Former Chicago comptroller charged with bribery, fraud in Ohio
A former top financial aide to Chicago Mayor Rahm Emanuel was indicted on federal corruption charges in Ohio late Wednesday, just weeks after leaving his City Hall job.
Former city of Chicago Comptroller Amer Ahmad, who left his city job July 23, was charged with eight counts, including money laundering, fraud and bribery.
The alleged crimes took place between January 2009 and January 2011, when Ahmad was the Deputy Treasurer for the State of Ohio, according to the federal indictment.
Prosecutors allege Ahmad accepted bribes from a broker and financial advisor, Douglas E. Hampton, in exchange for steering state business his way, including making Hampton the broker for a series of lucrative securities trades on behalf of the state, ultimately netting him more than $3.2 million in commission.
In exchange, Hampton funneled payments totalling $123,622 to Ahmad, prosecutors allege. The government also charges that Hampton paid Ahmad and Joseph Chiavaroli, an alleged co-conspirator, about $400,000, disguised as loans to a landscaping company jointly controlled by the two men.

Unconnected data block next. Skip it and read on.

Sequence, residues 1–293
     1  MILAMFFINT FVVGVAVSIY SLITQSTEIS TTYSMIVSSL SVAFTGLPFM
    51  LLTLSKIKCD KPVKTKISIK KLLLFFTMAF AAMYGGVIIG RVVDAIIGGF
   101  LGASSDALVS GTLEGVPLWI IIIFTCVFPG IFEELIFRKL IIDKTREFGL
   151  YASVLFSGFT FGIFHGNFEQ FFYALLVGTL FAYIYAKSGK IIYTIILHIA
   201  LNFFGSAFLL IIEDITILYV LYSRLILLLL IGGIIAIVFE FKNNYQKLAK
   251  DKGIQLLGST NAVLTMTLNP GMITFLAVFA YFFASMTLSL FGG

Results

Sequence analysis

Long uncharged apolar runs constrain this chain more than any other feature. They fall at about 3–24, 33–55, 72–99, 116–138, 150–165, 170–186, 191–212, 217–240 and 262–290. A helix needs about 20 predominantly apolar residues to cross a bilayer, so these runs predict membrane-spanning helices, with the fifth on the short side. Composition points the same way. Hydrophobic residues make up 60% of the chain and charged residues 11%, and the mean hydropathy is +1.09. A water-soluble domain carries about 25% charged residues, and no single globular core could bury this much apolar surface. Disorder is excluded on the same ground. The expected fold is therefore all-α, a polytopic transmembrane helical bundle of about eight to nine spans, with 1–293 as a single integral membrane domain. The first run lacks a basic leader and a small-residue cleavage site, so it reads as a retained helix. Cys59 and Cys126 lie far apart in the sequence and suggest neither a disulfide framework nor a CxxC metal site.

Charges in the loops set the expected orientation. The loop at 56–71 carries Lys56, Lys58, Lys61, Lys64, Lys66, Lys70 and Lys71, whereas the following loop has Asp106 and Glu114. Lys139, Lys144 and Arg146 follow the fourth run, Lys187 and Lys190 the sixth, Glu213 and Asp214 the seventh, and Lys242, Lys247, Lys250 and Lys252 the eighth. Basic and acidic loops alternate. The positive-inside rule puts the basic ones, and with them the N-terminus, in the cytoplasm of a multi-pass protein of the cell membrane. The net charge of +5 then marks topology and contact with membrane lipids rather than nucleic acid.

Ahmad could not immediately be reached Thursday night. In a statement on the MarketWatch website, the law firm Porter Wright Morris & Arthur LLP said Ahmad plans to plead not guilty.
“Amer Ahmad will voluntarily appear in U.S. District Court on Monday to plead not guilty to all charges against him and to deny wrongdoing during his time as Deputy Treasurer of the State of Ohio,” the statement reads. “The indictment does not allege that there was any financial loss to the state treasury. Under Mr. Ahmad's stewardship, Ohio's investments were protected and stabilized.”
Emanuel’s administration on Thursday night said it was already considering an audit of the Finance Department activities to make sure nothing was amiss during Ahmad’s watch in Chicago.
“The Mayor has a record of zero tolerance for the kind of criminal violations and abuse of the public trust that are alleged in this indictment,” Emanuel spokeswoman Sarah Hamilton wrote in a statement. “We had no knowledge of the investigation until today's news reports, and it appears to be focused on alleged activities when Ahmad served the State of Ohio. We have no reason to believe and have no knowledge of any such wrongdoing during his tenure in Chicago.”
Mayor Emanuel, meanwhile, is out of town on a camping trip.
Ahmad came into City Hall with Emanuel when the mayor first took office in May 2011. Under his watch, the city has balanced tough budgets by increasing fees and fines and cracking down on people who owe the city money. He also oversaw the city’s decision to cut health care subsidies to 30,000 city workers.